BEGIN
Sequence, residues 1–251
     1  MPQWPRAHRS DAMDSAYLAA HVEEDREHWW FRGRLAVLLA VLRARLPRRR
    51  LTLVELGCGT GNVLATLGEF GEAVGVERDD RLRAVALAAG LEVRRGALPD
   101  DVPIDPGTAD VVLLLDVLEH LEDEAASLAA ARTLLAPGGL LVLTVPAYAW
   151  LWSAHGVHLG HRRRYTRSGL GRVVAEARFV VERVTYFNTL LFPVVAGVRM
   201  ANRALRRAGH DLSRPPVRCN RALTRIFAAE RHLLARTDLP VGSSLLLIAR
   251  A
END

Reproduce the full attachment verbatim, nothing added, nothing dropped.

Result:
Sequence, residues 1–251
     1  MPQWPRAHRS DAMDSAYLAA HVEEDREHWW FRGRLAVLLA VLRARLPRRR
    51  LTLVELGCGT GNVLATLGEF GEAVGVERDD RLRAVALAAG LEVRRGALPD
   101  DVPIDPGTAD VVLLLDVLEH LEDEAASLAA ARTLLAPGGL LVLTVPAYAW
   151  LWSAHGVHLG HRRRYTRSGL GRVVAEARFV VERVTYFNTL LFPVVAGVRM
   201  ANRALRRAGH DLSRPPVRCN RALTRIFAAE RHLLARTDLP VGSSLLLIAR
   251  A